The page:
Transactions are a unit of logical program execution that accesses and possibly updates various items in a database. It has its basic fundamental properties called ACID properties. ACID properties refer to the act of maintaining a transaction in a way that transaction can be done in isolation and properly updated in a database, and maintain atomicity and consistency of a transaction.
They are the required properties of a transaction described below in brief:
a. Atomicity: The full process must be completed at once or it doesn’t happen at all.
b. Consistency: The concept of not changing other data of a database only if it is affected by any users.
c. Isolation: Multiple transactions occur independently without interference.
d. Durability: Transaction done means the completion of the transaction, as well as the database update, will happen even in hardware failure.
It believes in the concept of either all or none. The failed transaction cannot be resumed it will be restarted again. Examples are ATM transactions, sessions expired.
In T1, there is no complete transaction, so it will not happen, it will just roll back for the complete transaction.
Before the transaction starts and after a transaction ends, the sum of money must be equal in both states.
E.g: A to B:Before transaction If A=2000, B=3000 sum=A+B=5000.
R(A) gives 2000
W(A) gives 1000 in local memory
R(B) gives 3000
W(B) gives 4000 in local memory
Commit //will update these trasactions in database hardware//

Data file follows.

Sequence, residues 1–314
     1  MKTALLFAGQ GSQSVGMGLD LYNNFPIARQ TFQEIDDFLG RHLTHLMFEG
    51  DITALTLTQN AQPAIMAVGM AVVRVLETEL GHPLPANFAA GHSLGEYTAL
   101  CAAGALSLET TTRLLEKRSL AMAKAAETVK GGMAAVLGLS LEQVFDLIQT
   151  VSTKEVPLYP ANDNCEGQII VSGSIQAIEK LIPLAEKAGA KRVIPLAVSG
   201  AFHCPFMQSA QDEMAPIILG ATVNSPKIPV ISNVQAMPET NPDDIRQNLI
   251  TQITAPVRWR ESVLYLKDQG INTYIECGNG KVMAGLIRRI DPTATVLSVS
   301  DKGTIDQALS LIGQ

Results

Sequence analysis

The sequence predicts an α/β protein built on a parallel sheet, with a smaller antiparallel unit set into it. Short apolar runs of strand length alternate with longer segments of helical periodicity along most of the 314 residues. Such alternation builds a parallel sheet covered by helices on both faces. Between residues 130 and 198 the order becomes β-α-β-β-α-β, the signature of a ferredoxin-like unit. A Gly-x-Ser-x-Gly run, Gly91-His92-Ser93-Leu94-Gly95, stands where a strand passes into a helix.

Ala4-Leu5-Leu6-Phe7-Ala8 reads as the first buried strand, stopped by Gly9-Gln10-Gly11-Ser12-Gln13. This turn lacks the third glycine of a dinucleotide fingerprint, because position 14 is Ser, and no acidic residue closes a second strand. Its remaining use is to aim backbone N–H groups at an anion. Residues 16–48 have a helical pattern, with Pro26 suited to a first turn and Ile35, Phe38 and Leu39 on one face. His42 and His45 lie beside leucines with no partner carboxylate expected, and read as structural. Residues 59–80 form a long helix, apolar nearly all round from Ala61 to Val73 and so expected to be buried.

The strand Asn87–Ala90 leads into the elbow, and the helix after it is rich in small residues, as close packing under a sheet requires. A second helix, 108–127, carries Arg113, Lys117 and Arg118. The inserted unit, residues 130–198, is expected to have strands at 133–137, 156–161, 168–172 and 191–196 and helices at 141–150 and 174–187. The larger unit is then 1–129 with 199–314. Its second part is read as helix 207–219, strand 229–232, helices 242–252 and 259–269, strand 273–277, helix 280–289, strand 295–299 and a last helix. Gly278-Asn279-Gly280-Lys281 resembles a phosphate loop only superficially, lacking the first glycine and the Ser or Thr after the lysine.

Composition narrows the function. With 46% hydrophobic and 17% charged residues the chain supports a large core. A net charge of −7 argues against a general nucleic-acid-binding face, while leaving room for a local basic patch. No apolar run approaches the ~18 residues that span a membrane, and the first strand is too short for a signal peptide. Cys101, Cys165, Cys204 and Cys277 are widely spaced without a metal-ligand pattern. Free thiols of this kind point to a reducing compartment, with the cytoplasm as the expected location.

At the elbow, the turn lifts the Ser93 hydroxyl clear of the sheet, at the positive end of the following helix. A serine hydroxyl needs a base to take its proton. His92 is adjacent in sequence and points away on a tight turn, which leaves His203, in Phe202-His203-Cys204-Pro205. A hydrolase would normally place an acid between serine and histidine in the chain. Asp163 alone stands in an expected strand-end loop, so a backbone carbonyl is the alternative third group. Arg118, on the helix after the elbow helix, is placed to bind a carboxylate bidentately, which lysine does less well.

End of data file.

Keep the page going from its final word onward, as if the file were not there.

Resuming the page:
After transaction, A=1000, B=4000 sum=A+B=5000.
So, in this way, the example fulfills the concept of consistency.
Concept of converting parallel transactions into serial transactions. Independently the transaction is a logical unit operation that has several operations and those operations can work in isolation and gets the desired output without any distractions from another transaction that occurred. It maintains the transactional integrity of other systems.
While attempting to maintain the highest level of isolation, a DBMS usually acquires locks on data which may result in a loss of concurrency or implements multiple concurrency control. In a sense, it actually works to provide an environment where multiple transactions can take place at the same time without hampering one another.
It means once the transaction is done, and updated in the database it is not going to change except the user changes or deletes the transaction.
Durable means here the transaction is once done and saved in a database in a hardware form as a permanent change.
So, from the example of consistency, we can find the value of A=1000 and B=4000 as permanent changes. Conclusion: Committed data would never be lost, even in hardware failure. It is actually a backup of the database.
This is a brief description of ACID properties. You may also like Instances and Schemas.
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